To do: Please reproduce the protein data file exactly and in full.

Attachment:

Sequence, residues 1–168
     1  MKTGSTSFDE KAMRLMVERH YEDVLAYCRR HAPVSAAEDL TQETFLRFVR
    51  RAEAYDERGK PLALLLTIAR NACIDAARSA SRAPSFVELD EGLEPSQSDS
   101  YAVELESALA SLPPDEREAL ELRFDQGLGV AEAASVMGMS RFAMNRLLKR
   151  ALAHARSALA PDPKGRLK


Sequence, residues 1–168
     1  MKTGSTSFDE KAMRLMVERH YEDVLAYCRR HAPVSAAEDL TQETFLRFVR
    51  RAEAYDERGK PLALLLTIAR NACIDAARSA SRAPSFVELD EGLEPSQSDS
   101  YAVELESALA SLPPDEREAL ELRFDQGLGV AEAASVMGMS RFAMNRLLKR
   151  ALAHARSALA PDPKGRLK